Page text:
// client methods go here...
}

Listing 6 and Listing 7 show the addUser and changeUser methods, respectively. For brevity, I have omitted the listings for deleteUser and listUsers, although they are included in the demo code (see Resources). You will notice how they are very simple client methods.


  /** Adds a new user to the system.
   * @param prevayler the where we will execute the command
   * @param login user's login name
   * @param password user's password
   * @param name user's name
   * @param email user's e-mail address
   */
  private static void addUser(Prevayler prevayler, String login, 
      String password, String name, String email)
  throws Exception {
    System.out.println("Adding user '" + login + "'");
    User u = new User();
    u.setLogin(login);
    u.setPassword(password);
    u.setName(name);
    u.setEmail(email);

    AddUser cmd = new AddUser();
    cmd.setUser(u);
    try {
      prevayler.executeCommand(cmd);
    } catch (InvalidUserException e) {
      System.out.println("Error: " + e.getMessage());
    }
  }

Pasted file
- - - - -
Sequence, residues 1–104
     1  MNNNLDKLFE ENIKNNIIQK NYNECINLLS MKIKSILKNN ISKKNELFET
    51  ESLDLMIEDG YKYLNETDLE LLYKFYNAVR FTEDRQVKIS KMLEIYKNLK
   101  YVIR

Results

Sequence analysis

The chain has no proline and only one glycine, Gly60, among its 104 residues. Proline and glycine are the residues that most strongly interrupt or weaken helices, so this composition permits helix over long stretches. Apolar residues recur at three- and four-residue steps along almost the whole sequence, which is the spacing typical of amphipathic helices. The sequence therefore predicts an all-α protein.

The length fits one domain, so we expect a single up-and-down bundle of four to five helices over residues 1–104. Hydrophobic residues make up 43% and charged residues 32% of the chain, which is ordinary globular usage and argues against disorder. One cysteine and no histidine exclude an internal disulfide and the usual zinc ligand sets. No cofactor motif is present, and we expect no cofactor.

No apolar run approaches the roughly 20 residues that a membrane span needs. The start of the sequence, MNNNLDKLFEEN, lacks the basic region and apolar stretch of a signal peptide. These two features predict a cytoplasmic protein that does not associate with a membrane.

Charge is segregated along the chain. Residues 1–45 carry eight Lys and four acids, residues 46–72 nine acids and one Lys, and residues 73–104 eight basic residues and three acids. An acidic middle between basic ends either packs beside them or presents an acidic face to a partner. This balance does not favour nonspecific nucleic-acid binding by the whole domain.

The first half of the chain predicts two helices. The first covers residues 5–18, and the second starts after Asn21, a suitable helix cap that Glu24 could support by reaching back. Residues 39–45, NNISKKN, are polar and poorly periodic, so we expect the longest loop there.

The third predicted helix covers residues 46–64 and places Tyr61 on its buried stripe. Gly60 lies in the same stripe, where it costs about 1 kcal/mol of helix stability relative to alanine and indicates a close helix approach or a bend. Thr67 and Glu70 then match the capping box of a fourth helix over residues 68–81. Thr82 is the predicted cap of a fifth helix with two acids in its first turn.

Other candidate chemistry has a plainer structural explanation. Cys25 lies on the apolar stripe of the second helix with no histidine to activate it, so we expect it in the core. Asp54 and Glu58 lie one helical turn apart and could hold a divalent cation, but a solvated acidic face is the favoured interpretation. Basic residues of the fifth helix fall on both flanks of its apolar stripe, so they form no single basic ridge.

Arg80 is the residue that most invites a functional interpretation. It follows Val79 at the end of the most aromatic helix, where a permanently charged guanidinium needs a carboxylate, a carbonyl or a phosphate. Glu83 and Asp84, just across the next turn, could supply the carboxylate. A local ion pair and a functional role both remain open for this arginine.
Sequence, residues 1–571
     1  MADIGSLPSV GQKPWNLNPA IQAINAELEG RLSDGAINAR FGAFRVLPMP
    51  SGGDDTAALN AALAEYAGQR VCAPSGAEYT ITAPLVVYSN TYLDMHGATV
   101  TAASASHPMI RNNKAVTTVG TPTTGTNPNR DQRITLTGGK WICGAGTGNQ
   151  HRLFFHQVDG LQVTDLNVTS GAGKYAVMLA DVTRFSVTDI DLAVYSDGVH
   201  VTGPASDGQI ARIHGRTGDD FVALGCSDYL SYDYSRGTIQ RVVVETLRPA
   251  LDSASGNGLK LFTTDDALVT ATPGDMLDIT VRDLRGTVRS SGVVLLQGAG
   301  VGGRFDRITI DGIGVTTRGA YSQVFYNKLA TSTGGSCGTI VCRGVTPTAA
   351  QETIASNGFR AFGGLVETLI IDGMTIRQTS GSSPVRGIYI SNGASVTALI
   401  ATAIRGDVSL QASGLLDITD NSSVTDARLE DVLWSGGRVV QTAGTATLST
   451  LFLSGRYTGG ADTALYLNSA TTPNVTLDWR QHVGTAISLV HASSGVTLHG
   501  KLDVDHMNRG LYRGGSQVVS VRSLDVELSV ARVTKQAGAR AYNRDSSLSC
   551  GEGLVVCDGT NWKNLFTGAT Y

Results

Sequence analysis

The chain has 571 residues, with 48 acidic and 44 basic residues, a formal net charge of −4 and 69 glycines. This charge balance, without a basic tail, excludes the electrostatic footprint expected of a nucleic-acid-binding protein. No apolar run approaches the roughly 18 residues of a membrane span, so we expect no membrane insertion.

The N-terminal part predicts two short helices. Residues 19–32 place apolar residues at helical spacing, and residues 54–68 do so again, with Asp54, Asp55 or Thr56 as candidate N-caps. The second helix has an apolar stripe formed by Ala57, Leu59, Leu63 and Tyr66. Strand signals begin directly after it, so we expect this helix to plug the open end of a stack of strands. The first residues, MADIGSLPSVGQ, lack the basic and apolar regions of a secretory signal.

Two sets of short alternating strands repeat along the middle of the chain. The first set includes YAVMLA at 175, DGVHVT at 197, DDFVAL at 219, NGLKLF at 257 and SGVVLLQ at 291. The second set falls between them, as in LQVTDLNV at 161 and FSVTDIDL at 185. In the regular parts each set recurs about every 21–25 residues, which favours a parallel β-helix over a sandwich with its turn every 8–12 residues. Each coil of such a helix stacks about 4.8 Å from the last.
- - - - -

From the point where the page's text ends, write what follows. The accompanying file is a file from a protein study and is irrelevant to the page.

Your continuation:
/** Changes the user's data.
   * @param prevayler the where we will execute the command
   * @param login user's login name to change data
   * @param password user's new password
   * @param name user's new name
   * @param email user's new e-mail address
   */
  private static void changeUser(Prevayler prevayler, String login, 
      String password, String name, String address)
    throws Exception {
    System.out.println("Changing user '" + login + "'");

    User u = (User) 
        ((UserManager) prevayler.system()).getUsers().get(login);

    u.setPassword(password);
    u.setName(name);
    u.setEmail(address);

    ChangeUser cmd = new ChangeUser();
    cmd.setUser(u);
    prevayler.executeCommand(cmd);
  }

Prevalent systems and the Web
With Prevayler, you can develop many kinds of applications. Its simplicity and ease of use makes it ideal for quickly prototyping Web applications. You can then put these applications into production with very little effort. As they are simple Java language classes and beans, you can use your favorite IDE to create the beans and their relationships very quickly. One of the Web applications that I developed with Prevayler was prototyped very quickly. It performed so well that the customer decided to put the system into immediate production without even considering use of a database system. The deployment of the application was also very simple as there were no need to set up database servers. I did change the data backup policies a little and put the PrevalenceBase directory (where Prevayler stores the serialized Commands) under backup control. Figure 2 shows how a Web application can benefit from object prevalence.

Figure 2. Building a prevalent Web application
Building a prevalent Web application